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eral Boyle that my scouts had just returned and reported no rebels in the country. I should have said that Captain Stone returned on the evening of the fifth instant, but failed to report to me, and I was not apprised of his return until the sixth instant, when I saw him at Fort Hobson, near Glasgow, about twelve o'clock in the day. The town was attacked on the morning of the fifth instant, about daylight. I was in bed and heard the rebels passing through town, and in the direction of the forn constant use ever since daylight the morning before; so we turned our course for Glasgow, reaching there on the morning of the eighth instant, with our recaptured prize. I will now give the particulars of the fight: On the morning of the sixth instant, when the town was attacked, the Provost-guards were all asleep, except those on duty at the guard-house, and the patrols about town. Captain George S. Nun was in command of the camp at the fort, and only a few of the men there were up. Some
eet Captain Stone, at Gamalia, in Monroe county, Kentucky, which is near the State line. Captain G. B. Stone was ordered, with thirty men, to Jamestown, Monroe county, Kentucky, then to join Captain Roark at Gamalia; there Captain Roark was to take command of both companies, and proceed to Lafayette, Tennessee, and to return from there to this place — each company reporting to me as it returned. Lieutenant Kerigan was the first to return and report, which was done on the evening of the third instant. Captain Roark returned and reported on the evening of the fifth instant, reporting no rebels in the country; and that Captain Stone was in the country a short distance from town, and would be in that evening or early next morning. From these reports I telegraphed to General Boyle that my scouts had just returned and reported no rebels in the country. I should have said that Captain Stone returned on the evening of the fifth instant, but failed to report to me, and I was not apprised o
October 9th, 1863 AD (search for this): chapter 192
Doc. 189.-rebel raid on Glasgow, Ky. Report of Major Martin. headquarters United States forces, Glasgow, Ky., October 9, 1863. Brigadier-General E. H. Hobson, Munfordville, Kentucky: I now proceed to give you the particulars of the recent raid made on Glasgow, Ky., by the rebel Colonel John M. Hughse. On the evening of the thirtieth of last month, I was ordered by Brigadier-General J. T. Boyle to send scouts into the border counties of Kentucky, on the Kentucky and Tennessee State line, to learn if the enemy was there, and what he was doing, etc., etc. Previous to the reception of this order from General Boyle, I had ordered a scout of ninety men to go to the border, for the purpose which he desired, and on the morning of the ninth instant, I started the ninety men for that purpose. Lieutenant J. Kerigan was ordered to Cumberland county, Kentucky, with thirty men, with orders to go to Marrowbone Store, then to Centre Point and Tompkins', and from there to return to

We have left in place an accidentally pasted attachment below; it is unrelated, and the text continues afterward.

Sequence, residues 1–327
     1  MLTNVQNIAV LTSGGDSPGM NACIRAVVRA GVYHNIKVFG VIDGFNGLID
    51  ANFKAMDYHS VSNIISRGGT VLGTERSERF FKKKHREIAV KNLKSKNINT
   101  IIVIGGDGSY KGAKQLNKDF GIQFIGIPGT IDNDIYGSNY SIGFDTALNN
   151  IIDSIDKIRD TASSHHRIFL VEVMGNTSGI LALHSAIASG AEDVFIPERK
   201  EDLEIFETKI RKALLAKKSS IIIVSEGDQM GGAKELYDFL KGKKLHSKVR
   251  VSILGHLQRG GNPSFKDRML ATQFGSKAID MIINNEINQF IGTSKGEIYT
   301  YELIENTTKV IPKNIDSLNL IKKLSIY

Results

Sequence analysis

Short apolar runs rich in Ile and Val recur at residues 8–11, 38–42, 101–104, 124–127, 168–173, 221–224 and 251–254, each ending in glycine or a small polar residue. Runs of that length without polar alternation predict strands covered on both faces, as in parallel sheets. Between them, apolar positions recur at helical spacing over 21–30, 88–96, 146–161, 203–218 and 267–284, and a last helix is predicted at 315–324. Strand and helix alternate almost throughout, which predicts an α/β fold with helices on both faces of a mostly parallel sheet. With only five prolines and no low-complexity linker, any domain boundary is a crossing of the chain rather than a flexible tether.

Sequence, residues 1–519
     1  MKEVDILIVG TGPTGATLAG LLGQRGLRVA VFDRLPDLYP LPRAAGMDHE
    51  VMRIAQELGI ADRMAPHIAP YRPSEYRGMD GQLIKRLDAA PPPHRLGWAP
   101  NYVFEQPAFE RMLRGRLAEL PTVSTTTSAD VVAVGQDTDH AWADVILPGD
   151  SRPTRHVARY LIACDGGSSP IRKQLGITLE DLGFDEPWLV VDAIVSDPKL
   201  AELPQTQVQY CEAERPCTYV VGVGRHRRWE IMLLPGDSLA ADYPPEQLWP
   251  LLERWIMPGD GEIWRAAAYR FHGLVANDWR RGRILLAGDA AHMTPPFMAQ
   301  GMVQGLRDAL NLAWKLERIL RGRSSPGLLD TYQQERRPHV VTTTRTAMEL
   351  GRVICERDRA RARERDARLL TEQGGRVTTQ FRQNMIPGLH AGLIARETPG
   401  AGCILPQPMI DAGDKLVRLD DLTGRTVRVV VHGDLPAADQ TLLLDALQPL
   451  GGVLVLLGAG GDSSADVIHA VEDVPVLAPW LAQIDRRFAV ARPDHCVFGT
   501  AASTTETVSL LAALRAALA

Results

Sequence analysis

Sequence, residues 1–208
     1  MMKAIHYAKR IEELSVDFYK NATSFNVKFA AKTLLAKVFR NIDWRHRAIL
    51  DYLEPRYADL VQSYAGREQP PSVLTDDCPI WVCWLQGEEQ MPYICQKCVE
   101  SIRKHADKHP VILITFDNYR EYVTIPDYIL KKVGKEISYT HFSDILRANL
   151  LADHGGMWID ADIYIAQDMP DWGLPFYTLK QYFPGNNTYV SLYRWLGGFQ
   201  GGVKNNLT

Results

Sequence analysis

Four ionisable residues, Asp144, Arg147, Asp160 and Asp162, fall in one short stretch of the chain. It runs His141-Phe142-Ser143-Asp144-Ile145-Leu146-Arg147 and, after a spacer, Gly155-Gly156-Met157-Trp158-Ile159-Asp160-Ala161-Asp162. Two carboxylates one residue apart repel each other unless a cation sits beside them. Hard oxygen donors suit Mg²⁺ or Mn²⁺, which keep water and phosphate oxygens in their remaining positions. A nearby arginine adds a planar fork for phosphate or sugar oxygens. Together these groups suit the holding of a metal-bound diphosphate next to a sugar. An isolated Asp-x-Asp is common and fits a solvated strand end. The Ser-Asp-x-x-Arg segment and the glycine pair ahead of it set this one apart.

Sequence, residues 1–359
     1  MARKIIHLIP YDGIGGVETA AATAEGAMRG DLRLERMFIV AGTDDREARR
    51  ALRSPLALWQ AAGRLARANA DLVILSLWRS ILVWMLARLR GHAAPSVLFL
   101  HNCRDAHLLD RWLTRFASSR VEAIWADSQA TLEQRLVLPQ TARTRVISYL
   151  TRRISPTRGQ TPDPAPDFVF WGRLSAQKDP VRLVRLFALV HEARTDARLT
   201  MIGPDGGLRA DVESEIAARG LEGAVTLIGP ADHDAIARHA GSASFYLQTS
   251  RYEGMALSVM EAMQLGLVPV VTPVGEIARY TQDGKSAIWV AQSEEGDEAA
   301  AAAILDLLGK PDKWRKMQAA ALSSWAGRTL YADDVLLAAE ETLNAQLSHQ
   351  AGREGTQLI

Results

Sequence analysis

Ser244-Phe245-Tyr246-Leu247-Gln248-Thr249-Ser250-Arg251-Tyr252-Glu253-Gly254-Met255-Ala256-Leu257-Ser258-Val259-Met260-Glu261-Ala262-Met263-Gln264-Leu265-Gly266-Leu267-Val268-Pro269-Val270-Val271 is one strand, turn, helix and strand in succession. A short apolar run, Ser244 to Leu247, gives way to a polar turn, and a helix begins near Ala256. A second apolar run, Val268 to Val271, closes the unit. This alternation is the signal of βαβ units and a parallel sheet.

on Glasgow, Ky., by the rebel Colonel John M. Hughse. On the evening of the thirtieth of last month, I was ordered by Brigadier-General J. T. Boyle to send scouts into the border counties of Kentucky, on the Kentucky and Tennessee State line, to learn if the enemy was there, and what he was doing, etc., etc. Previous to the reception of this order from General Boyle, I had ordered a scout of ninety men to go to the border, for the purpose which he desired, and on the morning of the ninth instant, I started the ninety men for that purpose. Lieutenant J. Kerigan was ordered to Cumberland county, Kentucky, with thirty men, with orders to go to Marrowbone Store, then to Centre Point and Tompkins', and from there to return to this place. Captain J. W. Roark, with thirty men, was ordered to Tompkinsville, with instructions to meet Captain Stone, at Gamalia, in Monroe county, Kentucky, which is near the State line. Captain G. B. Stone was ordered, with thirty men, to Jamestown, Monr
ad travelled, and twelve rebels came upon them; but the pickets drove them back by firing on them.* We supposed the rebels were not far off, and had we had more men and fresh horses we would have followed after them, but our horses were rode down--Captain Beck having rode all the way from Munfordville via Cave City that day with his men, and my horses had been in constant use ever since daylight the morning before; so we turned our course for Glasgow, reaching there on the morning of the eighth instant, with our recaptured prize. I will now give the particulars of the fight: On the morning of the sixth instant, when the town was attacked, the Provost-guards were all asleep, except those on duty at the guard-house, and the patrols about town. Captain George S. Nun was in command of the camp at the fort, and only a few of the men there were up. Some were on guard in the fort when the rebels got in sight of it. They charged right into camp and up to the fort. The men inside the fort
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